Fats are very important for brain development. Polyunsaturated fatty acids and monounsaturated fatty acids are healthier than saturated or trans fatty acids. Major sources of healthy fats are vegetable oil (soya/olive/sunflower) and fish oil. It is the right quantity as well the way oil is consumed that matters more than a brand or source. Oil used for deep frying is less likely to contribute to development than sprays or oil used for light cooking. In addition, wholegrains and other cereals have natural oils in their husks/brans that are very healthy.
Iron plays an important role in formation of hemoglobin. Deficiency of iron can result in anemia that in turn can alter learning and memory processes. Iron rich foods include vegetables such as spinach, peas, broccoli, nuts, raisins and legumes (chickpeas, lentils). The animal sources of iron include liver, salmon, eggs etc. A child needs to consume the correct portions of these sources to maximize absorption of iron from the stomach.
Iodine is a trace element essential for synthesis of thyroid hormone – an important hormone for brain development in infants. In addition, thyroid hormone also regulates protein synthesis. Naturally, iodine can be found in abundant quantities in a variety of seafoods. Dairy products also contain small proportions of iodine. However in countries like India where iodine deficiency is endemic, the best source of iodine is through regular consumption of iodized salt.
B group of vitamins are required as cofactors for various metabolic processes and enzymes in the body. These processes help in overall growth as well as development in children. Folic acid is especially significant in pregnancy for fetal brain development. In addition, Folic acid is required for the synthesis of DNA in many cells. Also helps in prevention of certain anemia. Green leafy vegetables as well as fresh fruits such as oranges, apples etc are great sources of vitamins. Boiling and deep frying can result in significant loss of these vitamins. Therefore, fruit and vegetables are best eaten raw or lightly sauteed. Whole Grains with their husks are abundant in some B Group of vitamins. (IANS)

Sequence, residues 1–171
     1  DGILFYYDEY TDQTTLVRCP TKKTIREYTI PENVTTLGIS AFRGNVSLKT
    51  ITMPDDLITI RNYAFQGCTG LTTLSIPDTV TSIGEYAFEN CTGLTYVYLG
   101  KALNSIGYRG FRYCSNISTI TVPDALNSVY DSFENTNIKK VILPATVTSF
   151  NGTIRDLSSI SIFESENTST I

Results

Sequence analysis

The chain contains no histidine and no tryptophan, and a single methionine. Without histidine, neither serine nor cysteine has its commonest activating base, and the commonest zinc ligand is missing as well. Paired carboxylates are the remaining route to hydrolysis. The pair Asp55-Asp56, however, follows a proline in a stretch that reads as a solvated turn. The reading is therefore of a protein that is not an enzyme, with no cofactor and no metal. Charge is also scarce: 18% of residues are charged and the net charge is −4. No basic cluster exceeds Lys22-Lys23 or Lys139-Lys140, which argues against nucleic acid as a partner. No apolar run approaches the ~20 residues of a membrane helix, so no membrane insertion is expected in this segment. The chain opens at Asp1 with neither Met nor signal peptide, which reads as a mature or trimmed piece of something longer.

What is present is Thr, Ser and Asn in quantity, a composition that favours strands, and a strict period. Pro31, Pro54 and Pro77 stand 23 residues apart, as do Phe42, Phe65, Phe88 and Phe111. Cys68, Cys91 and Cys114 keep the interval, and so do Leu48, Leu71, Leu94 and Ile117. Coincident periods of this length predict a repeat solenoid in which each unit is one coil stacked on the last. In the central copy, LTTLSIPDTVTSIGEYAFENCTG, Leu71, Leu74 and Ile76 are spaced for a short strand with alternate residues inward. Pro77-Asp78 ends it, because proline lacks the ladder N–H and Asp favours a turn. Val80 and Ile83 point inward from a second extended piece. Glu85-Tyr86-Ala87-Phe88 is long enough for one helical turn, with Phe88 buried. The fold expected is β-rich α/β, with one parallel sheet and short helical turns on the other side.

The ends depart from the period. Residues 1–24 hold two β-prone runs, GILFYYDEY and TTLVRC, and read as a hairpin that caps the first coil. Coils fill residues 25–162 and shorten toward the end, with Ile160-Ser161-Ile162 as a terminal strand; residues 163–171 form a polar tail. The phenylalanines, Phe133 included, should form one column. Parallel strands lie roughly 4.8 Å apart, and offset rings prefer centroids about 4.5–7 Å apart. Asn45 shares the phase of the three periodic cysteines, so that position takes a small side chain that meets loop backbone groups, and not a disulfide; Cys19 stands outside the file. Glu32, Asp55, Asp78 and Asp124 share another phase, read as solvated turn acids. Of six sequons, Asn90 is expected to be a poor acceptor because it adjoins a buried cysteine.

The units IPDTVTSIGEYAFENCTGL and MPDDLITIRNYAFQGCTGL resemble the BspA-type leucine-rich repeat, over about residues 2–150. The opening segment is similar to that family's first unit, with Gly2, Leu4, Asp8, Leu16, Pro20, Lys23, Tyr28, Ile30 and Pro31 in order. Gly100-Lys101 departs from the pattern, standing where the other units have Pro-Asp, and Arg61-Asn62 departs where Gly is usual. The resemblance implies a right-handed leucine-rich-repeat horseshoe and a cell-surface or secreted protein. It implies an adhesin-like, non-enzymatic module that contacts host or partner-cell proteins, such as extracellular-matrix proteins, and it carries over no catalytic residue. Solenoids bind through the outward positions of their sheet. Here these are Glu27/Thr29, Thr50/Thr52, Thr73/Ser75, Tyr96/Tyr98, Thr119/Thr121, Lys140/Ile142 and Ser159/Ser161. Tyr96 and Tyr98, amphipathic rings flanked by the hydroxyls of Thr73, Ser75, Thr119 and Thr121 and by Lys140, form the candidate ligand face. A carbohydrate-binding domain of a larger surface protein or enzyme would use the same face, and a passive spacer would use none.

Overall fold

At present, homes are doubling up as schools, offices and fitness centers, if not more. With cancelled vacations and a deep desire to travel, ‘homecations’ might be the new way to unwind for the summers, turning your garden or backyard into a holiday destination.
As per a new poll from Zillow, 38 percent of respondents plan to spend more time at home this summer compared to years past as a result of COVID-19. A ‘homecation’, which is a vacation at home, allows families to make memories and hold onto some summer traditions, without the health, safety and financial concerns that may now come with a traditional vacation.
For a fun homecation, try putting up tents in the backyard, read adventure novels under a lantern-light, add on a singing spree around a small bonfire if your space and weather permit it. You could also make delicious sandwiches and summer coolers for a brunch picnic, and play board games, delve into family legends, or just take a nap. Days can also pass by playing in a kids’ pool and filming fun moments. For something simpler, just dim the lights and tune into a movie your family likes.
You can also recreate the atmosphere of a city or region you would like to go to, cook local meals, put some local songs, and visit some city destinations virtually.
Tips to make the most out of your homecation:
Turn off your phone and set an out-of-office notification. Let your colleagues know that you’re taking time off, even if you’re not leaving your property. Extra credit if the message is a creative one.
Knock out any household chores ahead of time so they’re not a distraction. It’s hard to unwind if you’re staring at a mountain of dirty laundry.
Save the screen time. Give everyone’s eyes a break from video calls and online work, and instead pick up a good book, play a game or get outside.
Plan something special you’ll look forward to. Is backyard camping too rustic for you? Plan an at-home DIY spa day or a dinner alfresco on your porch with take-out from a favorite restaurant. Invite friends or family over via video call or in a safe, socially-distanced visit.
Take pictures. Like any other vacation, make sure to take lots of photos and post your pictures on social media, if you are into that. One day, you may look back on this moment in history and wish you had family photos to document how you spent your time at home. (IANS)